Mince pies. Those lovely little devils. If only they had been called mince pies when I was a child. There seems to be a bit more mystery to a mince pie than a minceMEAT pie. Meat was not something I desired in a pie when I was 10 and sitting at my grandmother’s Thanksgiving Day table waiting patiently for dessert. No matter if such a pie had been lovingly prepared, nestled up in a tea towel, and kept cosy on top of a warm tumble dryer alongside his sweet, fragrant friends, pumpkin and apple.
“No mincemeat pie for me,” I would say year after year, which was always followed by the obligatory “one day you’ll know what you’re missing.” (which, by the by, has now been inducted (inherited?) into my ridiculous lexicon of parental vernacular, alongside “were you born in a barn?” (close!) and “hold your horses!” (goes without saying)
Ironically, and most happily surprising, I really didn’t know what I was missing when I declined Grandma Johnson’s mincemeat pie. Turns out this mincing of meat is really pretty terrific. When it doesn’t have meat in it, that is. (Although, having learned that mincemeat pie actually originated in the Middle East, I wouldn’t turn my nose up at a savoury/sweet Ottolenghi-fied twist on the classic…but I digress…)
In my humble mincemeat research, I found a North American filling recipe that was published in 1854 which included chopped neat’s (beef) tongue, beef suet, blood raisins (yikes!), currants, mace, cloves, nutmeg, brown sugar, apples, lemons, brandy and orange peel. It was said that this mincemeat could be preserved for up to ten years. Then, on one special Monday at the turn of the 20th century, meatless mincemeat was introduced and the world was a better place. Now that I have sampled a host of variations, I am proud to point out that I am particularly partial to a cranberry-walnut blended mincemeat filling.
I mention all of this because mince pies are the cornerstone of Irish holiday baking. They are what hot cross buns are to Easter. Quotidian. They are always the first smattering of Christmas spirit to hit the bakeries and markets across this fair country and the last to leave. When you see the mince pies, you know that elaborate Christmas cakes are not far behind. Their debut tips you off to the perfect storm of puddings that lies ahead. From that day forward, you are granted the perfect excuse to whip up a boozy brandy butter, and sip copious amounts of mulled wine with friends and family… or, not with friends and family.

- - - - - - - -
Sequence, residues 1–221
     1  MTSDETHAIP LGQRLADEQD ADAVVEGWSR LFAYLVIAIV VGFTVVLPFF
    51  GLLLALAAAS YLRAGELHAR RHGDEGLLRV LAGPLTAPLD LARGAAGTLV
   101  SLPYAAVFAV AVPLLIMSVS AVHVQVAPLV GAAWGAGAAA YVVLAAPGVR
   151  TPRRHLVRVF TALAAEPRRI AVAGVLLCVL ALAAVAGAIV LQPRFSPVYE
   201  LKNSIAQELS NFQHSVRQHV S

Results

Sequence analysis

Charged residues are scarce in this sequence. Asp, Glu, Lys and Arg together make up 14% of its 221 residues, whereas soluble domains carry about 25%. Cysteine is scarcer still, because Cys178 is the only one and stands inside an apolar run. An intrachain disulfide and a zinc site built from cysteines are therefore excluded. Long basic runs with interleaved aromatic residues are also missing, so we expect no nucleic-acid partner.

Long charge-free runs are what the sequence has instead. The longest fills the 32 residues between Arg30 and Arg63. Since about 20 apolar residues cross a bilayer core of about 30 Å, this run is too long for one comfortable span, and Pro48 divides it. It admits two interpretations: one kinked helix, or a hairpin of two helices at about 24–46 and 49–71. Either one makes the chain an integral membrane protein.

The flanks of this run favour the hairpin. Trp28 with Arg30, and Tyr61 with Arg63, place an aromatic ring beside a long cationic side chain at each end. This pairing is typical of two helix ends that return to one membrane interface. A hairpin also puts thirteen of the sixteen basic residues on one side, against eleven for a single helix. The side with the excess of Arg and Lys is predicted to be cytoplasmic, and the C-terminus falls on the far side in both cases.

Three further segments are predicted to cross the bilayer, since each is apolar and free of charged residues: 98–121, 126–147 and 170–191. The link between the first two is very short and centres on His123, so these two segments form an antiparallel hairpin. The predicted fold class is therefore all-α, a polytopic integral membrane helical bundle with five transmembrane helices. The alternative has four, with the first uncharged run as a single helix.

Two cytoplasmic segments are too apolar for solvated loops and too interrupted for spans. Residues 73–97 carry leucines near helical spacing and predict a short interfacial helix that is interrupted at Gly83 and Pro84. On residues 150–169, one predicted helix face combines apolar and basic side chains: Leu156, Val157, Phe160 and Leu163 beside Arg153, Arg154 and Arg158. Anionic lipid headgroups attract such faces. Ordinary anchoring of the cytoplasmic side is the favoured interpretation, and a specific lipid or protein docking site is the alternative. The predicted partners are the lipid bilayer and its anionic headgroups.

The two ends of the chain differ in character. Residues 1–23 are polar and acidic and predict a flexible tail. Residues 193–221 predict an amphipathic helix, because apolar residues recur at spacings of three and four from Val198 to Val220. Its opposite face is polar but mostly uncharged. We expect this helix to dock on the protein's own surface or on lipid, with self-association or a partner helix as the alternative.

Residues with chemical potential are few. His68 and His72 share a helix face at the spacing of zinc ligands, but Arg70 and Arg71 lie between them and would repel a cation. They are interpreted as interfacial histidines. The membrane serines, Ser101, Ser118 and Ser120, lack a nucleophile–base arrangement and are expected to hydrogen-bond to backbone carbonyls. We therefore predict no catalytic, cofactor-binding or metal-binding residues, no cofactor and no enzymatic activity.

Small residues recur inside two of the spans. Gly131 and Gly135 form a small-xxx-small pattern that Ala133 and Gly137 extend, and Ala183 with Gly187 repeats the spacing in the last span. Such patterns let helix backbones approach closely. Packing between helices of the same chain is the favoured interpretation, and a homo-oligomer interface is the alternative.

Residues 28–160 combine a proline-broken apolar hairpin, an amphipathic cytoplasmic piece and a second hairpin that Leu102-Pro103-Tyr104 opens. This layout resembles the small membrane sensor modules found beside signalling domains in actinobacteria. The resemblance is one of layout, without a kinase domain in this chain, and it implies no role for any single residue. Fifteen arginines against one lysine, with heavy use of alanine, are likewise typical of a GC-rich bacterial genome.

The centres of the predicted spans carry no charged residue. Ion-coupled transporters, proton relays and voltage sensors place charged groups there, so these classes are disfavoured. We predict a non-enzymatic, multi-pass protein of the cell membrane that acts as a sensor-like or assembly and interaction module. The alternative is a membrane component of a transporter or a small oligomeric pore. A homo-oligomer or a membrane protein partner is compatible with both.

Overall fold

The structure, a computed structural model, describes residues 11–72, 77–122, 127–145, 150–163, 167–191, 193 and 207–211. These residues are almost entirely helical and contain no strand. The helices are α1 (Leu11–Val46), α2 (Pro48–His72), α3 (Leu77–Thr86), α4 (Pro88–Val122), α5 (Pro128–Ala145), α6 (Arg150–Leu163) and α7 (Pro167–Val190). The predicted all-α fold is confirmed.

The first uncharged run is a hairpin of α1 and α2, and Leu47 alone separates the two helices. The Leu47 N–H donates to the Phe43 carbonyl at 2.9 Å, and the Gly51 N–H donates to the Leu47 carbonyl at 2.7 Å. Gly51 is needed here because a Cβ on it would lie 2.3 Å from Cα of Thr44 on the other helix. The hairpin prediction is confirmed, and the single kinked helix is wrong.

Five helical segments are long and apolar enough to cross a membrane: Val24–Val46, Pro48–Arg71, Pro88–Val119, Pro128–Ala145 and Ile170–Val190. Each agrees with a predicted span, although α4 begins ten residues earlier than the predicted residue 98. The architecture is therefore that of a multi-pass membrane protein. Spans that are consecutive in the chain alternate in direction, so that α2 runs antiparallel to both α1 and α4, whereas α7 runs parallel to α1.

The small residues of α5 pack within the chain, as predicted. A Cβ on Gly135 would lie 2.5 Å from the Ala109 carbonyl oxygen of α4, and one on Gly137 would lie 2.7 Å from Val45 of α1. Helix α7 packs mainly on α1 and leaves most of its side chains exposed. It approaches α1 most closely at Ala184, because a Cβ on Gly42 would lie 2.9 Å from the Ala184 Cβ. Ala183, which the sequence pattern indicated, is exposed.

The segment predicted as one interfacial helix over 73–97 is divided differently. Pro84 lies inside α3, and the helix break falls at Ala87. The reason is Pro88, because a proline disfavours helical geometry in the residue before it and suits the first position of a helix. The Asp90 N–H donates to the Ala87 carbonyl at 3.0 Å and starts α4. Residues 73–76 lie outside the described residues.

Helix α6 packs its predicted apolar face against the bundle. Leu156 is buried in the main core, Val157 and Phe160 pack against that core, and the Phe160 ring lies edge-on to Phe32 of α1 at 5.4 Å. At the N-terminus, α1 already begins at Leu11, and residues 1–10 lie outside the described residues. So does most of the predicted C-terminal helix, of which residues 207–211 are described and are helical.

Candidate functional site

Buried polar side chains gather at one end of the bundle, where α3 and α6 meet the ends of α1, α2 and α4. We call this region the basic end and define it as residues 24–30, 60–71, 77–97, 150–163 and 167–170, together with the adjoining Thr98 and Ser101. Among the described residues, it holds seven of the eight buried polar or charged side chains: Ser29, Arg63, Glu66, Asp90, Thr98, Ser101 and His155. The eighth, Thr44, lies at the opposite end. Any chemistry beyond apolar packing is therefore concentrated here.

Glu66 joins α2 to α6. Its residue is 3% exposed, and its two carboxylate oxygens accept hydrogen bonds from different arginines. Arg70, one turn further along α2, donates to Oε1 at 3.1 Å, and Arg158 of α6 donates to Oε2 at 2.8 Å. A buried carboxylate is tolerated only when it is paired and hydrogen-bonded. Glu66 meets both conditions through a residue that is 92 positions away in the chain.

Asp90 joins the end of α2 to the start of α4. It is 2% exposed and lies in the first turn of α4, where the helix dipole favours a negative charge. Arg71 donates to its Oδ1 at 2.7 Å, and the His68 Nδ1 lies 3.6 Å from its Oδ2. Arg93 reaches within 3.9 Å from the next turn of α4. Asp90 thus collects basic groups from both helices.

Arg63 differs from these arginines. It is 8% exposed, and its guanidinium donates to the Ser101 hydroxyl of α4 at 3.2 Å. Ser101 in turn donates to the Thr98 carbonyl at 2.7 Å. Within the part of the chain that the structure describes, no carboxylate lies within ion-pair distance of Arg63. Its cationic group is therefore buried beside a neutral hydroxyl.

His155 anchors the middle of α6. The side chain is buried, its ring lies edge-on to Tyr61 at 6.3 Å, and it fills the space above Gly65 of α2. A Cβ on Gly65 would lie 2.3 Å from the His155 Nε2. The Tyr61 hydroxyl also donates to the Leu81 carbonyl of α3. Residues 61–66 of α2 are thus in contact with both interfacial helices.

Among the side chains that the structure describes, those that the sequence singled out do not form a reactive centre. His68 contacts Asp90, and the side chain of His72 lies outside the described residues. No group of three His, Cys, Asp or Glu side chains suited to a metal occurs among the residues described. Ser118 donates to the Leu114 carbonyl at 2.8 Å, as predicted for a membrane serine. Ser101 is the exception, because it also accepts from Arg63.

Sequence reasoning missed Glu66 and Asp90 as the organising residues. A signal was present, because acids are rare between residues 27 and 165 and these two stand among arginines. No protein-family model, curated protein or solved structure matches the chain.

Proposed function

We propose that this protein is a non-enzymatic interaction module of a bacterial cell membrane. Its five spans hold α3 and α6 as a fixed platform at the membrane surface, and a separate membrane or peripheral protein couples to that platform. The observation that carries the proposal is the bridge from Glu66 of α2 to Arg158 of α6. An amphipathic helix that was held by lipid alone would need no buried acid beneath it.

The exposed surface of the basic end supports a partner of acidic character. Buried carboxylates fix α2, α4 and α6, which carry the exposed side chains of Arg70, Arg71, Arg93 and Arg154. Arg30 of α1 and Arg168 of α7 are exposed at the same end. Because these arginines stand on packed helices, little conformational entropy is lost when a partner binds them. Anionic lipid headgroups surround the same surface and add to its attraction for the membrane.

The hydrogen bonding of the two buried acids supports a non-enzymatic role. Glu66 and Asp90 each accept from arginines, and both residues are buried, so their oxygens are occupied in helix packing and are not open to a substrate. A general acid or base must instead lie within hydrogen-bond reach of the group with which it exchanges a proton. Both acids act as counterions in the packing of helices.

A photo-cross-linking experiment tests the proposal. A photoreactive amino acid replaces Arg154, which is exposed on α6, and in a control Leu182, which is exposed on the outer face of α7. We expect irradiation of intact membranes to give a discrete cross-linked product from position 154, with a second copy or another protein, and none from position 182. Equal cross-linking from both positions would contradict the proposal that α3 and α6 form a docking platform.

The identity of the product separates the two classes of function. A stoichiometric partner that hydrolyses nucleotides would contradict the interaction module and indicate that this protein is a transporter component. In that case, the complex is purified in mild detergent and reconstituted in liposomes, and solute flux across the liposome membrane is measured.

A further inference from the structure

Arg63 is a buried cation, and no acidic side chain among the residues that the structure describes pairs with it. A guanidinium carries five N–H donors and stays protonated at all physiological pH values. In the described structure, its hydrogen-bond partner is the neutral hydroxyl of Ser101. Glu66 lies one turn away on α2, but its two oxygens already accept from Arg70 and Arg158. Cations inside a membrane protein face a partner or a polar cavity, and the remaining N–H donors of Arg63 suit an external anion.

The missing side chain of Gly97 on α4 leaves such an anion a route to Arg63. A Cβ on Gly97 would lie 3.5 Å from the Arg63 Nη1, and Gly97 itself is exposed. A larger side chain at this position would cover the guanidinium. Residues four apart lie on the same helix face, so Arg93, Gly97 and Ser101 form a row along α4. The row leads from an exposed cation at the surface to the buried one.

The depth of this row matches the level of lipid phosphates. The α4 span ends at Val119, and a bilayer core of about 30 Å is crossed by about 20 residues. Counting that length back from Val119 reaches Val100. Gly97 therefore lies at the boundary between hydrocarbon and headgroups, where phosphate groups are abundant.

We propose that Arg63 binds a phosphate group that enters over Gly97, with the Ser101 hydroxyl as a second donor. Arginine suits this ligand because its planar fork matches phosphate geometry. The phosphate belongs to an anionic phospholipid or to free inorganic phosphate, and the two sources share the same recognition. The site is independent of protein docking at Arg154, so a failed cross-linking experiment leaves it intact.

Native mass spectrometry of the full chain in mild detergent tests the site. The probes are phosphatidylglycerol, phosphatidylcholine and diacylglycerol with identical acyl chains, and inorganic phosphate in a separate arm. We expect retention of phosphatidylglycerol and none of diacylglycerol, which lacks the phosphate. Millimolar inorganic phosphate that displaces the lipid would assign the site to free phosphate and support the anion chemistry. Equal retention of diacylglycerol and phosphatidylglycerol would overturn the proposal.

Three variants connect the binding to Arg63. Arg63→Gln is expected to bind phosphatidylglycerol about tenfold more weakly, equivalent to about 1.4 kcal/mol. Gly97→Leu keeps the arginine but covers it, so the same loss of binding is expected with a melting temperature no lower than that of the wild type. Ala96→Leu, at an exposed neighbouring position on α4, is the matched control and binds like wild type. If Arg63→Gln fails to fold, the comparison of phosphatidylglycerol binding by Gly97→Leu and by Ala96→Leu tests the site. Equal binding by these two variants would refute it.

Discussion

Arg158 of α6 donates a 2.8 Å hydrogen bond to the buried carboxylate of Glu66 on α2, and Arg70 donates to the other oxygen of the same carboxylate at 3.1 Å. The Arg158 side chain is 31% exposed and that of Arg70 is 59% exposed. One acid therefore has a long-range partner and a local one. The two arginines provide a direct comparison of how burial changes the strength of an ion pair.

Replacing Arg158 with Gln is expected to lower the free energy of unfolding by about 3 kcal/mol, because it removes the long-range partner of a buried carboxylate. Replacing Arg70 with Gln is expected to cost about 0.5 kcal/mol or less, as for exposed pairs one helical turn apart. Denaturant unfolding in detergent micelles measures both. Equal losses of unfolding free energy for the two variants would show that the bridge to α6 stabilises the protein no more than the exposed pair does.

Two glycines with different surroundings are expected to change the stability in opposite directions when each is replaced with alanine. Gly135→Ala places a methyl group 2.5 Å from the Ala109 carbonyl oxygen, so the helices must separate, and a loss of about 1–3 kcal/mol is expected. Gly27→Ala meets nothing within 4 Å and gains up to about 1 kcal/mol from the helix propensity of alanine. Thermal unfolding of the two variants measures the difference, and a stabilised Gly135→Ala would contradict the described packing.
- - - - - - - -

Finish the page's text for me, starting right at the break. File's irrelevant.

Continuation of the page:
This weekend, we had our 2nd annual DIY holiday wreath-making party. The first thing I did was bake up a batch of Ballymaloe mince pies along with a few fun variations. Afterward, Geoffrey and I headed down to the wood to collect holly and ivy, evergreens and laurel leaves. We snipped branches from the olive tree and rosemary in our garden. Then, we made our traditional rosemary-mint cake, this time with chocolate instead of a snowy white sponge. My sister-in-law and her three children came over on Sunday afternoon and we gathered round the table to craft three wreaths. One for each of our homes, and another to place on Peggy’s grave with a prayer. We sipped mulled wine and nibbled on warm pies slathered up in zesty orange brandy butter and planned the big Christmas Day meal. Then, when everyone went home and Geoffrey was off to the farm to feed the calves, I cleaned up our workstations, sat down, and savoured every last morsel of the lone mince pie left on the platter.
Grandma would be proud.
Miniature Mince Pies
225g (8oz) plain flour
175g (6oz) butter, chilled and cut into cubes
1 dessertspoon icing sugar, sieved
a pinch of salt
a little beaten egg or egg yolk and water to bind
1lb mincemeat (see recipe below)
Sieve the flour into a bowl. Toss the butter into the flour and rub it in with your fingertips. Add the icing sugar and a pinch of salt. Mix with a fork as you gradually add in the beaten egg (do this bit by bit because you may not need all of the egg), then use your hand to bring the pastry together into a ball. It should not be wet or sticky. Wrap in cling film and refrigerate for 1 hour.
Preheat the oven to 180c/350f/gas mark 4
Roll out the pastry until it’s quite thin – about 3mm (1/8 inch) Stamp into rounds 7.5 (3 inch) in diameter and line shallow bun tins with the discs. Put a good teaspoonful of mincemeat into each tin, dampen the edges with water and put another round on top. Brush with egg wash and decorate with pastry leaves or stars.
Bake the pies in the preheated oven for 20 minutes approx. Allow them to cool slightly, then dredge with icing or caster sugar. Serve with Irish whiskey cream (or brandy butter.)
Makes 3.2kg (7lb) approx 8-9 pots
2 cooking apples
2 organic lemons
900g (2lbs) Barbados sugar (soft, dark brown sugar)
450g (1lb) beef suet
450 (1lb) sultanas
224 (8oz) currants
110g (4oz) candied citrus peel
70ml (2.5fl oz) Irish whiskey
2 tbsp Seville orange marmalade
pinch of salt
Preheat the oven to 180c/350f/gas mark 4
Core and bake whole apples in the preheated oven for 30 minutes approx. Allow to cool. When they are soft, remove the skin and pips and mash the flesh into a pulp.
Grate the rind from the lemons on the finest part of the stainless steel grater, squeeze out the juice and stir into the pulp
Grate the rind from the lemons on the finest part of a stainless steel grater, squeeze out the juice and stir into the pulp. Add the other ingredients one by one, and as they are added, mix everything thoroughly. Put into sterilized jars, cover and leave to mature for two weeks before using. This mincemeat will keep for two to three years in a cool, airy place.
The winner of Rochelle Bilow’s signed book, The Call of the Farm is YVONNE CORNELL. Many, many thanks to everyone for their heartfelt turkey comments, you have helped me in ways you’ll never know!
Photos and styling by Imen McDonnell 2014
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